Conclusions

Results indicate that progesterone has short-term cardiovascular safety. Endothelial function, weight, blood pressure, waist circumference, inflammation and coagulation were unchanged as were lipids except for HDL-C. The statistically significant decrease in HDL-C levels was not clinically important (based on lack of Cardiovascular Risk Profile change).

Trial Registration

ClinicalTrials.gov NCT00152438

Introduction

Oral micronized progesterone has recently been shown to be an effective therapy for postmenopausal hot flushes and night sweats [1]. The cardiovascular system (CVS) risks associated with menopausal ovarian hormone therapy (OHT) are of concern to clinicians and to women considering their use; many women have now discontinued taking OHT [2][4]. Although progestins have shown CVS risks, there is no class effect of progestogens on the CVS [5] and randomized controlled trial (RCT) evidence shows that oral micronized progesterone has less negative effects on high density lipoprotein cholesterol (HDL-C) levels than medroxyprogesterone [6]. Accordingly, we included a number of planned cardiovascular outcomes in a randomized controlled trial of progesterone for hot flush treatment. We also sought to understand whether hot flushes themselves were associated with CVS risks. Baseline CVS risk marker data from this trial showed minor relationships that appeared to vary by whether vasomotor symptoms occurred during the day or during sleep [7].

The hormones of the menstrual cycle are thought to protect women from cardiovascular risk [8]. Women's risk for CVS disease increases at an older age than does men's [9]; this is often attributed to “premenopausal hormonal protection”, which is particularly attributed to estradiol [10]. Although observational data [11] have long suggested that estrogen therapy (with or without a progestogen) is effective CVS disease prevention, large RCT data have shown lack of benefit [12] or harm [13], [14]. Progesterone, women's second ovarian steroid, may also contribute to premenopausal CVS protection. Younger, normally menstruating and ovulating women have high estradiol and cyclic progesterone levels. However, not all regular (estradiol-sufficient) cycles are ovulatory or produce normal cyclic progesterone levels [15][17]. Women with recurrent miscarriages have both lower-than-normal progesterone levels [18] and increased CVS risks [10]. There are suggestions that both normal progesterone and estradiol are necessary for premenopausal CVS protection, from a prospective cohort study in humans [19] and observational studies in non-human primates [20], [21]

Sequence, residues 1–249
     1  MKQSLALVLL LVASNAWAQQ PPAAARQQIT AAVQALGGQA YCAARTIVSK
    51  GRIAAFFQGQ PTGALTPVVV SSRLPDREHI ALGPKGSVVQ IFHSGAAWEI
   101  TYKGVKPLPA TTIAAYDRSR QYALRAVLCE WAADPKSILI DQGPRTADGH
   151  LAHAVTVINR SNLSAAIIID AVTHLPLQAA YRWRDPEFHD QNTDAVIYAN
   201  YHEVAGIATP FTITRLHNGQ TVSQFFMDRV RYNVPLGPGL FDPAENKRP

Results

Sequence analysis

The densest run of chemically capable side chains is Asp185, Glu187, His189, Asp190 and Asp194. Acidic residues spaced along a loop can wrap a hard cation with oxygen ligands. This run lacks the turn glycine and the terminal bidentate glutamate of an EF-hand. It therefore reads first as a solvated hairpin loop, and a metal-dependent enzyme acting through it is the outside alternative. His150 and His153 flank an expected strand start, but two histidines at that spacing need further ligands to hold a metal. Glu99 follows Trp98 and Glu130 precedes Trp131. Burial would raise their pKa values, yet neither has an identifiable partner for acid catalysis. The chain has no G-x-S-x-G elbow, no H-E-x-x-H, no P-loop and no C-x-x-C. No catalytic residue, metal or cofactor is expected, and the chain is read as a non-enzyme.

There are no randomized, placebo-controlled trial (RCT) data on the effects in postmenopausal women of oral micronized progesterone alone (without estradiol) on changes in human endothelial function, lipids, metabolic markers, and inflammation or coagulation/fibrinolysis status. In one RCT, oral micronized progesterone significantly decreased blood pressure in older hypertensive men and women [22]. In our previous random-ordered cross-over trial of endothelial function during physiological dose intra-arterial estradiol, progesterone, estradiol-progesterone versus vehicle in healthy early postmenopausal women, progesterone-related increased forearm flow (FBF, +15%) was significantly greater than on vehicle and equivalent to increases on estradiol. The estradiol changes, however, did not reach significance versus vehicle [23].